My guess is, they mean that pastors who oppose same-sex marriage should refuse to perform weddings for same-sex couples.  After all, they do believe that legalizing SSM means that pastors will be legally *compelled* to perform such weddings.

  • Dan Audy

    I suppose you could try performing ‘citizen’s arrests’ on anyone you catch stamp collecting and hauling them down to the police station.  However, unless you actually get other people to do this on the truly mass scale needed to overwhelm the justice system all you are going to accomplish is getting arrested for kidnapping and related crimes.

  • http://flickr.com/photos/sedary_raymaker/ Naked Bunny with a Whip

    I’m guessing they want business owners to engage in “civil disobedience” by  putting “Straights Only” signs on their doors. 

  • LL

    See, this is why I don’t try to engage these types in serious debates of any kind. It would be pointless. Anybody who thinks depriving other adults of basic rights = fighting slavery/racism just isn’t playing with a full deck. They’ve abandoned reason and logic.  

    Plus, I imagine most of the people who proclaim their interest in “civil disobedience” against same-sex marriage are probably too lazy to go through with it. Sure, they’ll go vote against it if they’re already there to vote for Mitt Romney to save America from the Secret Muslim Socialist, but if they have to go out of their way, like showing up at a “gay wedding” to protest all the gay stuff going on, I suspect they’ll just find something else to do to demonstrate how committed they are to the cause of keeping grownups from making their own decisions, like buying one of those “Adam and Steve” bumper stickers. Or maybe they’ll just write a strongly worded letter to the editor of their local newspaper. There’s some guy here (Dallas) who writes into the paper pretty much weekly to bitch about some liberal abomination destroying America. He’s probably bitched about same-sex marriage, but I don’t usually read the “Old Man Yells at Cloud” section of the newspaper, so I’m just guessing on that one.

  • Tricksterson

    What I’m afraid of is that their idea of “civil disobediance”, or at least some of their whackier members will be what the rest of us would call terrorism.

  • Darkrose

    I’m not too worried about it. At their core, the people promoting this are cowards; after all, they believe that their own marriages are apparently fragile enough to be threatened by the marriage of someone they don’t know. Once they realize that “civil disobedience” implies “getting arrested”, they’ll go back to buying “marriage = 1 man + 1 woman” bumper stickers.

  • http://heathencritique.wordpress.com/ Ruby_Tea

    Man, will those pastors ever be disappointed (not to mention bored) when absolutely no legal consequences follow them not officiating weddings if they don’t want to.

    I always like to point northward when people mention this silly fear, and tell me which churches in Canada have been forced to hold weddings for anyone.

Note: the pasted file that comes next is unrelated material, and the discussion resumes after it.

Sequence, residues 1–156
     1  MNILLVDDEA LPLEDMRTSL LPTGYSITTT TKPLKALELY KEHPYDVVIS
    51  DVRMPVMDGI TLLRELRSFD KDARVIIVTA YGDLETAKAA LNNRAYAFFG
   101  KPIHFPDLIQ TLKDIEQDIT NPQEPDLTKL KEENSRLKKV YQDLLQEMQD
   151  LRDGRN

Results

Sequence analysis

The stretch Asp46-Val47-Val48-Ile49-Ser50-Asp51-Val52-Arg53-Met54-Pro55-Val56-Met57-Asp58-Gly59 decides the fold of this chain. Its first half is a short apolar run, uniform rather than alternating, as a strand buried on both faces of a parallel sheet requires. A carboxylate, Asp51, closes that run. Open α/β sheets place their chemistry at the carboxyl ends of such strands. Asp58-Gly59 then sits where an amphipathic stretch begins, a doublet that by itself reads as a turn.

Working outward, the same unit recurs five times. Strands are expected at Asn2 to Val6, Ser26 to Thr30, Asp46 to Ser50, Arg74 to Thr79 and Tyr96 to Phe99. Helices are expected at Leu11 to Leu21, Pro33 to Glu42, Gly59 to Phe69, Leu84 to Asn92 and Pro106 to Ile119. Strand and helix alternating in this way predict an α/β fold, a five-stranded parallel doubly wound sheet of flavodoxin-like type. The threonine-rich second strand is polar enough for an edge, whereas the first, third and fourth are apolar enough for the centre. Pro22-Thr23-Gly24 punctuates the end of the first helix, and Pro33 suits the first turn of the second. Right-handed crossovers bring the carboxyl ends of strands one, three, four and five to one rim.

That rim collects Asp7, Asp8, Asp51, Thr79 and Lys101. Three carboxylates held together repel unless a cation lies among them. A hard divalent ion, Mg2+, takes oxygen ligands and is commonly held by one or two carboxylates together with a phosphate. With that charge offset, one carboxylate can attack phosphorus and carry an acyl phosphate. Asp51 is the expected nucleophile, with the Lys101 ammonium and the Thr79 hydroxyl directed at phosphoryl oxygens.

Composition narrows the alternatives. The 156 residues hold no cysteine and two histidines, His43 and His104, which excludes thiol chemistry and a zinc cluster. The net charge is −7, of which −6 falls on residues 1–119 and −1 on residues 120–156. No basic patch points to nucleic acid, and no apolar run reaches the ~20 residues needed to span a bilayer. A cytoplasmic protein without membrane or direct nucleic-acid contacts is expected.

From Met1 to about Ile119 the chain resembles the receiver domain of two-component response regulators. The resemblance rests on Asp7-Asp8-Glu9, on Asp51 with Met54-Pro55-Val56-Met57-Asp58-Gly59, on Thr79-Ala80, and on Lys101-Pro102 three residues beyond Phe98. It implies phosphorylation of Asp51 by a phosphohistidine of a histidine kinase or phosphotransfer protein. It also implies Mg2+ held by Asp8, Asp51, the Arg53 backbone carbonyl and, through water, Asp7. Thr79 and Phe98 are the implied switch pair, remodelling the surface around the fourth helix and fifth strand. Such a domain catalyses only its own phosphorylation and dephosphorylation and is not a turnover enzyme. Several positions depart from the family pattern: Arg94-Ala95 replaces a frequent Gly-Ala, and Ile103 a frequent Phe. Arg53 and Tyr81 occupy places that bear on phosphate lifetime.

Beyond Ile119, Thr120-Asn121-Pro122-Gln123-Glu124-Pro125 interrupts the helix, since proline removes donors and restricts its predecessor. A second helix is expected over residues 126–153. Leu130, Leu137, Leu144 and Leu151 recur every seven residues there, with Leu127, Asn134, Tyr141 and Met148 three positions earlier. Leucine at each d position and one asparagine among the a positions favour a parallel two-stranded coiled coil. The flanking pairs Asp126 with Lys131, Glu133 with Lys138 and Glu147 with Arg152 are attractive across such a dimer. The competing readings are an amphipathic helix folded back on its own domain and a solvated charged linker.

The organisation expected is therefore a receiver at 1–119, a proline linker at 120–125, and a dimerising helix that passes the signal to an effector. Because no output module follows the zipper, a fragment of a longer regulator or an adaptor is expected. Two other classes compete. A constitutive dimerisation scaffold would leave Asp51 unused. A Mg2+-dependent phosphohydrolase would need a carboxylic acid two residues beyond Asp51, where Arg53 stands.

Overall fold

• Arimus

    Maybe they will get some tents, camp on public property and start a general assembly! 
    Occupy marriage bed. #OMB. Oh wait… these were the same people suggesting we get jobs instead of protest.
    These guys are way to concerned with being the main characters in their personal Left behind hero saga to be of any use, anywhere. I suspect they mean for their audience to grab some chic-fil-a soon. 

  • Becca Stareyes

     Well, clearly that’s the best kind of ‘civil disobedience’: the kind that requires no effort and takes on no risk. 

    I still get confused why anti-gay pastors think gay people would want to be married in a church that’s supports antigay bigotry given:

    1. The number of churches/temples/etc. that do sanctify same-sex marriages.  If you’re set on a religious wedding, one can be arranged. 

    2. The fact anyone can get married at city hall/the county clerk’s office/etc., thus it’s a far bigger deal when county clerks start acting on their bigotry rather than doing their job (or quitting in protest). 

    I suppose it goes with the idea that gay people get toasters for converting people to homosexuality: clearly we can’t get married in the nice UU church or out in the city’s botanical gardens with a friend officiating and the license from city hall because it lacks the ‘corrupting the sacred’ element that is a necessary part of a gay wedding.  (It matches the flowers and the cute cake-toppers.)

  • ReverendRef

    What I’m afraid of is that their idea of “civil disobediance”, or at
    least some of their whackier members will be what the rest of us would
    call terrorism.

    And what the rest of us would call terrorists, they would call Freedom Fighters.

  • http://www.facebook.com/jrandyowens Randy Owens

    Fred, I am disappoint.  All that talk about  The Liar Tony Perkins, and you never addressed him as such?  Oh well, at least @google-8b61397c370508880cce62503d7ce25f:disqus (and now I) picked up the slack, so to speak.

  • RickRS

    I’m afraid it much more than what’s suggested by our commenters.  It could be a veiled appeal to the “crazies” in the anti-gay movement.

    To wit: 
    Because gay marriages are a sin and must be stopped, laws must be broken.  Or “civil disobedience”.   And in order to stop two gay people from lawful wedlock, use any means, up to and including murdering one or both of the gays. 

    The FRC then acts mildly put out that somebody did what the FRC secretly wanted and the mainstream buys the act. The FRC see no reason to change what they say, and the dog whistles continue in order to encourage another “crazy” to come out of the woodworks and do it again.

    Very similar to pro-life actions, in other words.

  • http://www.facebook.com/jrandyowens Randy Owens

    I can easily imagine a campaign to be as openly intolerant as possible, presented under the guise of civil disobedience.

    So, uncivil disobedience, then, I guess.

    Hmm, I wonder if we could meme that.

  • http://pulse.yahoo.com/_NR2MMC4EJXJWJMLH6IF457XL64 Alex B